Firstly, about (A), you are correct that two enantiomeric pairs are formed. You have misread the question, it says the INCORRECT option.
Then coming to why Cl2/hv reacts but NBS doesn't give its usual bromine substitution. As you already know, these reactions are free radical reactions that need a free radical initiator like light, peroxide, heat, etc. Cl2/hv has the presence of sunlight that is able to do the homolytic cleavage of the Cl-Cl bond.
NBS adopts the following mechanism.
The initiation step in allylic and benzylic bromination with NBS is the formation of a
bromine atom by homolytic cleavage of the N-Br bond in NBS itself.
Wondering where the Br2 came from? The image doesn't show that but HBr formed reacts with NBS to give N-Bromosuccinamide and Br2.
The unique role of NBS is to maintain the very low concentration of
bromine by reacting with HBr.The low solubility of NBS in CCl4 (<0.005 M) is important for bromination in NBS. Different solvents can show different reactions while it may be so that NBS all alone doesn't give any reaction until we have a free radical initiator. Hence, CCl4 must be used as the solvent in allylic or benzylic bromination (I mean not necessarily allylic and benzylic only) with NBS. During the reaction, the insoluble NBS, which is denser than CCl4, disappears from the bottom of the flask, and the less dense by-product, succinimide forms a layer on the surface of the CCl4. Possibly the further reactions occur at this surface (who knows!).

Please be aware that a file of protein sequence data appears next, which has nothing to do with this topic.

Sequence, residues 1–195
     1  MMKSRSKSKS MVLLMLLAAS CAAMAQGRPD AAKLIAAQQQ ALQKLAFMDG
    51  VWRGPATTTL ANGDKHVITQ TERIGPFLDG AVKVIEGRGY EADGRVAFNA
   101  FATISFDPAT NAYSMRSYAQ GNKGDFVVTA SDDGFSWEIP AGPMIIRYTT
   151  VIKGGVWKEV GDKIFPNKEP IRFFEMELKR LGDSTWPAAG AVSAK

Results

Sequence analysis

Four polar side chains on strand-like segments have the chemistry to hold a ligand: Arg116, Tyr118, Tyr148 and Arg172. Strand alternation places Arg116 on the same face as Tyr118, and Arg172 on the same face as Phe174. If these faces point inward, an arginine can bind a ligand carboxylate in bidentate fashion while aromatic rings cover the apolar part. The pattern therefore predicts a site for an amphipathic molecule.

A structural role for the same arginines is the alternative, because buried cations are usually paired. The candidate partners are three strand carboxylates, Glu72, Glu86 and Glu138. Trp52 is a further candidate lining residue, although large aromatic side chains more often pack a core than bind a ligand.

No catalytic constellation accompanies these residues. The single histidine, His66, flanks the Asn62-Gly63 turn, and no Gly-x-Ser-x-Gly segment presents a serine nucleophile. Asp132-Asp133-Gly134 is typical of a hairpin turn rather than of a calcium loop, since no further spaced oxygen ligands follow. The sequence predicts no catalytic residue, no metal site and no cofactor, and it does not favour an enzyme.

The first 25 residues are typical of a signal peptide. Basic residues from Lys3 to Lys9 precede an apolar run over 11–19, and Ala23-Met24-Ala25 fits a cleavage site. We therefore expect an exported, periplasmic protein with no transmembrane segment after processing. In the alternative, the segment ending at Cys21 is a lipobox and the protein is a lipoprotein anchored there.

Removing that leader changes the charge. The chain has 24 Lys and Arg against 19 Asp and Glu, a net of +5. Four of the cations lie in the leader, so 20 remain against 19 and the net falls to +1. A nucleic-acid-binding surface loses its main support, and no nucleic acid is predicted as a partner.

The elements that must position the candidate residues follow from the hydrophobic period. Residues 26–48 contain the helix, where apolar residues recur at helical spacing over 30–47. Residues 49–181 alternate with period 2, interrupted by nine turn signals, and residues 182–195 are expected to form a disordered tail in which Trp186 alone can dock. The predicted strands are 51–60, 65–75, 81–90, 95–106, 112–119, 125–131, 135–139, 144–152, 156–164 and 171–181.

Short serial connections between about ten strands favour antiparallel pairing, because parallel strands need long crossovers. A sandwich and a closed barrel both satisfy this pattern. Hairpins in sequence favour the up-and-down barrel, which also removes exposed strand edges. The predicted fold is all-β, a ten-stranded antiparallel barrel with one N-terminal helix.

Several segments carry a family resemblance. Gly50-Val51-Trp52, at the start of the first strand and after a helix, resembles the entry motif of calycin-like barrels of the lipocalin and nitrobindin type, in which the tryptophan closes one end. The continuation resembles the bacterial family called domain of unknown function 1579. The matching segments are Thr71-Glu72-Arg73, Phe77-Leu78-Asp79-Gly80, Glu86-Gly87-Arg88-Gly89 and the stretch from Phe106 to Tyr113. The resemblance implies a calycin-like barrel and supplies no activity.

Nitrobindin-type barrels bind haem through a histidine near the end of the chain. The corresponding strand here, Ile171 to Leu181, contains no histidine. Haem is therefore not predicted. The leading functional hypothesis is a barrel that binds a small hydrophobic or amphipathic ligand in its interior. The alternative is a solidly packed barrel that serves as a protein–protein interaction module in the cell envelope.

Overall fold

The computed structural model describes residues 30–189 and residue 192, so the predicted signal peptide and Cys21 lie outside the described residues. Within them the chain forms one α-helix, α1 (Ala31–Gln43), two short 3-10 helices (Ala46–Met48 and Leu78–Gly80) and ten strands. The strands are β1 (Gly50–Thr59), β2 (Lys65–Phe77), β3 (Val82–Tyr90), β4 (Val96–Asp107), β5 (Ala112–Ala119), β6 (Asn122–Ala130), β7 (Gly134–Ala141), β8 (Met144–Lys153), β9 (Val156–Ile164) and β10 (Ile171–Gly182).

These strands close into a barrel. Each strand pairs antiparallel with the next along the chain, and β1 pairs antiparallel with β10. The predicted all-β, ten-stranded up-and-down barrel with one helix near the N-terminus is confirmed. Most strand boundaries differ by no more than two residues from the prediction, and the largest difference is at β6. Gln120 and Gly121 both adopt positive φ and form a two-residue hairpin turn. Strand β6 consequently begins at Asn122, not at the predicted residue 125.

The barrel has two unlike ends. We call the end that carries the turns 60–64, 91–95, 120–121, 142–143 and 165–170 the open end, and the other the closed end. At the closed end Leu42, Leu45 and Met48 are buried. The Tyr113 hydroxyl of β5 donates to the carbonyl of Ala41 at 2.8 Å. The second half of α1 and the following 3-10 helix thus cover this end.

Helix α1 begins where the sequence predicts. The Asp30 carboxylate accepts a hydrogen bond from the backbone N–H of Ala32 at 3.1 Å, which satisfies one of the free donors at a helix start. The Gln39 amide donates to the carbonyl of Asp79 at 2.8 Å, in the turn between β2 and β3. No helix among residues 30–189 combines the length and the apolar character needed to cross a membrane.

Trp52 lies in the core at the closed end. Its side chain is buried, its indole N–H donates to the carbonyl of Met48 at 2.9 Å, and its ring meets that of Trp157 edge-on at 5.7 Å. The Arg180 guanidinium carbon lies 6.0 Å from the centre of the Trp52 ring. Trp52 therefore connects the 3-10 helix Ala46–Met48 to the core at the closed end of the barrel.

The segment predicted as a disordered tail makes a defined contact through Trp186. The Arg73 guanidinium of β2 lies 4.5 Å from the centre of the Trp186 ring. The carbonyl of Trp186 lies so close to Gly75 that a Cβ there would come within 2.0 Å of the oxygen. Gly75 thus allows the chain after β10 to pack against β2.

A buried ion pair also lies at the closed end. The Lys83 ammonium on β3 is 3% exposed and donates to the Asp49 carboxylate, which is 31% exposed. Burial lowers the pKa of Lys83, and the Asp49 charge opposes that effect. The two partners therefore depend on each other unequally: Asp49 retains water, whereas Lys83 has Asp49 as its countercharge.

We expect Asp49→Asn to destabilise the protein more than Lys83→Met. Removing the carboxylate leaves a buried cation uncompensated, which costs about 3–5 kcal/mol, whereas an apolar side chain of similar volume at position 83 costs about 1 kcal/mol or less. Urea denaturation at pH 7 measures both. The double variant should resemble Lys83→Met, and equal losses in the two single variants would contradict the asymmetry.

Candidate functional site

TL;DR NBS all alone won't give any reaction here. The presence of a suitable solvent is the key to its bromination.